5 Critical Assessment Questions for Design Safety
Hello, I hope everyone is doing well. Work has slowed down for me a bit, but I did go on a site visit recently where our firm inspected a floor structure collapse. The collapse reminded me of the responsibility engineers have in regards to occupant/pedestrian safety and I would like to discuss some of my thoughts about that. In this post, I will share the 5 questions that addressed to ensure a safe design.
1) Would you would feel safe?
The floor collapse first reminded me of a quote (written by Michael Armstrong) that I read a long time ago. “The ancient Romans had a tradition: whenever one of their engineers constructed an arch, as the capstone was hoisted into place, the engineer assumed accountability for his work in the most profound way possible: he stood under the arch.” When you design something, the safety of the occupants and other pedestrians is critical; if you don’t believe that you did everything possible to safely design the structure, then it shouldn’t be considered safe for other people to use either.
2) Are you qualified to make the decision?
In designing a structure, it is critical to have the necessary qualifications. This ensures that you have practiced enough engineering and gotten enough experience in the design process. Knowledge is important; however, just knowing how to do something does not mean you can adequately design the structure and all the parties involved can stand behind your decision from a legal perspective. The best engineers have extensive practice and repeatedly executed the design process so that they know how to analyze the design instinctively.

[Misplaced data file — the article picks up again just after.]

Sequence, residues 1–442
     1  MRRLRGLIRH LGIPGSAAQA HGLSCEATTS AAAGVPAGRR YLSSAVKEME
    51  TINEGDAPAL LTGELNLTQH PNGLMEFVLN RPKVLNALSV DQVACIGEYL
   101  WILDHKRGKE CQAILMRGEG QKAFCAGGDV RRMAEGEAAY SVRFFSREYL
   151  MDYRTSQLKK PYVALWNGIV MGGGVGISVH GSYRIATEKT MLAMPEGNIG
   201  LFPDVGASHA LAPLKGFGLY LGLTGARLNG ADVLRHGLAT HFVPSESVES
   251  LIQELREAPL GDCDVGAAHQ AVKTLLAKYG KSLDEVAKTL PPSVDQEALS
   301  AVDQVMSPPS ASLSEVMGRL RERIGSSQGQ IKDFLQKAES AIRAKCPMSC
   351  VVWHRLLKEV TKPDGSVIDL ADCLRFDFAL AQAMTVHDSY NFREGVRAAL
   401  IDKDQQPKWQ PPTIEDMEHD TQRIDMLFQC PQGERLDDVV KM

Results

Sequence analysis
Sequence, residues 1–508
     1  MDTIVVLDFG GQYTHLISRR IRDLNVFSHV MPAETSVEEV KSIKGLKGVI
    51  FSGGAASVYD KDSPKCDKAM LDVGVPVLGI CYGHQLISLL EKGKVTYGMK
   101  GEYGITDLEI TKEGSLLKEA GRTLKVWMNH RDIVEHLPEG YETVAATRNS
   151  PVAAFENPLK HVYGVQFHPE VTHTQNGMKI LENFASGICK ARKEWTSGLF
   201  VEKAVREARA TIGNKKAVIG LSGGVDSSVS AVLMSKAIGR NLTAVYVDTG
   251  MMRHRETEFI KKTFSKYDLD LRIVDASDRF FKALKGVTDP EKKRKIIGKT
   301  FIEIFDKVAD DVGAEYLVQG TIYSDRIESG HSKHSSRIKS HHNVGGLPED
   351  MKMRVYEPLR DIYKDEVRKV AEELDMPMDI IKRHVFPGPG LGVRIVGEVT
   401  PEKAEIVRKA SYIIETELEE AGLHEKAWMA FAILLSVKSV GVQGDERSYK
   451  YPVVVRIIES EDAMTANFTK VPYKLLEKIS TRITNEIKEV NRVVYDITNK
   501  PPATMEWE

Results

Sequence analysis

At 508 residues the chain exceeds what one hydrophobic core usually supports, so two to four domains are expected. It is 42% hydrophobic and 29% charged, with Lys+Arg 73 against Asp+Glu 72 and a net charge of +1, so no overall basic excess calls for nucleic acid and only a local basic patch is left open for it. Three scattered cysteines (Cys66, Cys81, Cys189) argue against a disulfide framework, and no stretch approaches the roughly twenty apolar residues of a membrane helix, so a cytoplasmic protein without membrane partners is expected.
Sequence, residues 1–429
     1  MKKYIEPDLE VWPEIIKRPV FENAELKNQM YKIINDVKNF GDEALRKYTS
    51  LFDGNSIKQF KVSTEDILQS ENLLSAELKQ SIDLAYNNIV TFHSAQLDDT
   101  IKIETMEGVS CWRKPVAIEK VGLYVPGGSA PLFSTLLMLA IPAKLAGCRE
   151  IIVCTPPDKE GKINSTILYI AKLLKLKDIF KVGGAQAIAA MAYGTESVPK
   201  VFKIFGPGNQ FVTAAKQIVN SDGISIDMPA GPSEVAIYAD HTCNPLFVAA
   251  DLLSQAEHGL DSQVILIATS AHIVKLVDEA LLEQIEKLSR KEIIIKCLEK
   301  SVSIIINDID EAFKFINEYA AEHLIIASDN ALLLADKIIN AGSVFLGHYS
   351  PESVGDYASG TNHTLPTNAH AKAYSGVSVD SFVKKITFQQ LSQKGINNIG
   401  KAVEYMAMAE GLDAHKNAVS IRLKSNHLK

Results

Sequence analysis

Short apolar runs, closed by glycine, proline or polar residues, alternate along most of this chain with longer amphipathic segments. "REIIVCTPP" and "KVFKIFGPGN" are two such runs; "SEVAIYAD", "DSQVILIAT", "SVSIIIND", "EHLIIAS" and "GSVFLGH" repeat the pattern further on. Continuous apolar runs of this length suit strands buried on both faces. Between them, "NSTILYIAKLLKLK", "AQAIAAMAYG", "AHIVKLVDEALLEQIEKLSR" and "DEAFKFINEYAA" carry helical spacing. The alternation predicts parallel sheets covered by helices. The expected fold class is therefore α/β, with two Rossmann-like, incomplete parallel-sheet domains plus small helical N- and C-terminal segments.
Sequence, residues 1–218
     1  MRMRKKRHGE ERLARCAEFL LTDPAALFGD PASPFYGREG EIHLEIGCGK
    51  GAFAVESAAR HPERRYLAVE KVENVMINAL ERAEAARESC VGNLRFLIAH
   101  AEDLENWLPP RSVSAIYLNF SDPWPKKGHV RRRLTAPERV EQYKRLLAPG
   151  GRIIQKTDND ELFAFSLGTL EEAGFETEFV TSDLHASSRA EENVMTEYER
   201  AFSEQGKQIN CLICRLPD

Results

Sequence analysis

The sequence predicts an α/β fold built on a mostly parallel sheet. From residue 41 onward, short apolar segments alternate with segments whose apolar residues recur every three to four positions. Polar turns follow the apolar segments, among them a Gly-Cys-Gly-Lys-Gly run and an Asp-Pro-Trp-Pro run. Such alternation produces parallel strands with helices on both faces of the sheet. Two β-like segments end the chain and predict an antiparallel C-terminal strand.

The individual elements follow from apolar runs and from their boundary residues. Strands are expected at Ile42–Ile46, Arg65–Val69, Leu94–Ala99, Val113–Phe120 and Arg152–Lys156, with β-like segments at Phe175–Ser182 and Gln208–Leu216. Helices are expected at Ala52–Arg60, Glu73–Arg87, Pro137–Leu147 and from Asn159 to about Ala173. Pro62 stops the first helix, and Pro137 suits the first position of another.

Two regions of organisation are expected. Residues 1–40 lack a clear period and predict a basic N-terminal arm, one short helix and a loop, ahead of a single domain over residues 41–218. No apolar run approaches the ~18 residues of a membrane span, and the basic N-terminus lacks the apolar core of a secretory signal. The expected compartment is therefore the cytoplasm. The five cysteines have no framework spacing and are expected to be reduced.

3) Do you have enough knowledge to make the decision?
This is similar to the previous point, but this gap in knowledge can also happen to an experienced engineer. A design can start out being in one area of focus, but shift to another very quickly. Or the scope of the design could not be very focused at all, and as time goes on the focus gets far more detailed which requires special education. When this happens, it is critical that you as engineer obtain this knowledge and/or get some consultation from some one who as this knowledge. If you don’t, it leaves doubts as to whether the design will perform as desired.
4) Are there unique circumstances that might make this situation different?
A design could also fail due to unique circumstances that were overlooked. For example, you may be designing a structure that has been done a million times before but is constructed differently. Or the structure and/or area around it could be different. Whatever it is, these unique circumstances could change what is required for a safe design. If these unique circumstances are overlooked, a critical check in the design process could be missed.
5) What is at stake if you are wrong?
Different buildings are used for different purposes. Depending on the purpose, the cost of failure could change drastically; either in terms of pedestrian safety or the usage of the building. To ensure that the design is safe and the community is not drastically impacted by it’s failure, the consequences of being wrong needs to be considered.
In my opinion, these are the 5 critical questions that need to be addressed for design safety. What questions do you think are important for design safety? Are there any critical questions I missed? Thanks for your time and have a good week!